Have you ever tried squid ink? I reckon that many of our readers, Italian food lovers as they are, haven’t yet. Squid ink has a unique “earthy”...
No matter what kind and when or where, it is not Christmas without Torrone di Cremona. And no holiday meal is the same without it at the dining table. Torrone, the most popular Italian nougat candy, which, together with pandoro and panettone, has become a symbol of an Italian Christmas, is made of honey, sugar and egg white, with toasted almonds or other nuts, covered in edible rice paper and usually shaped into either a rectangular tablet or a round cake.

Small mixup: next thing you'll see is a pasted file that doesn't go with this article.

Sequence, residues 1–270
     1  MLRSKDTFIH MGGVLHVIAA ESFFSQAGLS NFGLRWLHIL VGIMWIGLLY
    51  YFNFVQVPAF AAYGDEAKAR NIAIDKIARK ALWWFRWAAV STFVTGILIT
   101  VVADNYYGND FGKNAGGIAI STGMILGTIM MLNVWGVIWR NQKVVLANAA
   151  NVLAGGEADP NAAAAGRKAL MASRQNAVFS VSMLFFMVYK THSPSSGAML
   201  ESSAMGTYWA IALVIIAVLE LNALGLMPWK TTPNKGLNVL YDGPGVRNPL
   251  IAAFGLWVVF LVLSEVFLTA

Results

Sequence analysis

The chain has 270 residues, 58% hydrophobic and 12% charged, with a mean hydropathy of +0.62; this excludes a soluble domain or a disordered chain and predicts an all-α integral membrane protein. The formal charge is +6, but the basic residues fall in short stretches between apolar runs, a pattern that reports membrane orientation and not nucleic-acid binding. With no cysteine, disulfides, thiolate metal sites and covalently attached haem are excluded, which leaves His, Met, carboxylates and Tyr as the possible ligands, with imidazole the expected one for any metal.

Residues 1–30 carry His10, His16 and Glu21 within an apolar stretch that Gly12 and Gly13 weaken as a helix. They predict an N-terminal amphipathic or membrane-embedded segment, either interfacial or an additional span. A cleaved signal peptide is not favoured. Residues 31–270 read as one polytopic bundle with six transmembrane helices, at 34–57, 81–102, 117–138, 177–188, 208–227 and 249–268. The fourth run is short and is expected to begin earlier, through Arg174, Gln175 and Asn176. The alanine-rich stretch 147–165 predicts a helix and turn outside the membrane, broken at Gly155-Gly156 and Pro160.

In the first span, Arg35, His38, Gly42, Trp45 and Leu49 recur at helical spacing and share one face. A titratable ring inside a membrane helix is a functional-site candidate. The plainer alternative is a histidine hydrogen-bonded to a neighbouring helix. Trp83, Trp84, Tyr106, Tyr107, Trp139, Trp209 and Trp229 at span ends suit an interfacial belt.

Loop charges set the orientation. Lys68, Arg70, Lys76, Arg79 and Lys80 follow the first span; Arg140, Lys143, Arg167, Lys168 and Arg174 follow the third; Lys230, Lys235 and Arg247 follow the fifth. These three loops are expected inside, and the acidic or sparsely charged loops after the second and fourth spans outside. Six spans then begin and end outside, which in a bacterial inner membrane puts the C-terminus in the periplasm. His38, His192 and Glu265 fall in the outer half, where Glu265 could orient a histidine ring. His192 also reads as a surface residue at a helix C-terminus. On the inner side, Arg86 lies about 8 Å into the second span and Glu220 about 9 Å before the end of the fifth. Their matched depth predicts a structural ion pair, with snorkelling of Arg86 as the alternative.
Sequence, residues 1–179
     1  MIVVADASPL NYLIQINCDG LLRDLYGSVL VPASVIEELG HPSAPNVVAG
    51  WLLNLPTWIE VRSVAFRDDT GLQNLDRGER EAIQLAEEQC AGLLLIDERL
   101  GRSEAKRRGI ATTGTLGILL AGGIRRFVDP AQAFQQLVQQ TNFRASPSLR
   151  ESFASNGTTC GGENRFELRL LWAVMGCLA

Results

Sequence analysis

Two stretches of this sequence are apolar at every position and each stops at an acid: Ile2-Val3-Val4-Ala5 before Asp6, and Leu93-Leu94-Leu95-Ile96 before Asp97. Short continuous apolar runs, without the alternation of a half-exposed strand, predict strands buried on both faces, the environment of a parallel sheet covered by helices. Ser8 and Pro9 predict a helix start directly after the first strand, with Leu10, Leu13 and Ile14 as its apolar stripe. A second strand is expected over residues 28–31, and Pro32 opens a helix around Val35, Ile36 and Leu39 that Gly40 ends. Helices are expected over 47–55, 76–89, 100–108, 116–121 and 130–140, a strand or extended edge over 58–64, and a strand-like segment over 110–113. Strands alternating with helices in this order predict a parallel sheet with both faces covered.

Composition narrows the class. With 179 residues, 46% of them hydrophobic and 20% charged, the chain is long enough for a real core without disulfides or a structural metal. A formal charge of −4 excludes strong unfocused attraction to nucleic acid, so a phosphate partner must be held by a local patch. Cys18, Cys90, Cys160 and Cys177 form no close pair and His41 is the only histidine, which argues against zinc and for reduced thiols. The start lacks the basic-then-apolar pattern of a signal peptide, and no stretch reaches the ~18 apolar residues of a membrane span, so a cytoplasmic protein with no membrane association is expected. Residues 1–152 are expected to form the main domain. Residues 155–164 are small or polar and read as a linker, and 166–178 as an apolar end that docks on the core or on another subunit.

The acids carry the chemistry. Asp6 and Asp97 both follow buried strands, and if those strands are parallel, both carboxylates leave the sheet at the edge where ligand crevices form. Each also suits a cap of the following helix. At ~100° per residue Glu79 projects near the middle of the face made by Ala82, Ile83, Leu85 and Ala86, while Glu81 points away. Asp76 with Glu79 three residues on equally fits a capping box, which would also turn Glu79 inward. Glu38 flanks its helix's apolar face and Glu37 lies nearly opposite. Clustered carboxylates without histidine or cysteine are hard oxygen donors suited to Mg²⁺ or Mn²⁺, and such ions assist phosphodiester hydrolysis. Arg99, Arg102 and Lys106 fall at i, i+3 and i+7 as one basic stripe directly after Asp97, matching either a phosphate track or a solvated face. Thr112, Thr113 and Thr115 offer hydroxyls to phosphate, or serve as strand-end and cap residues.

The torrone is a traditional sweet which was first made by Romans, but its tradition has spread in Spain, North Africa and Egypt. The Italian one is typical of Sardinia, Calabria, Sicily, and Abruzzo, as well as the torrone mandorlato made in North Italy, like Veneto, Lombardy, and Piedmont. The word torrone has Latin origins and it comes from “torrere”, meaning to toast. Torrone is made with toasted almonds, honey and other ingredients including egg whites.
The reason why the torrone of Cremona is considered a real specialty is because of the Torrazzo, the famous tower. People like also homemade torrone, to be eaten after lunch or dinner at Christmas and during the Epiphany day.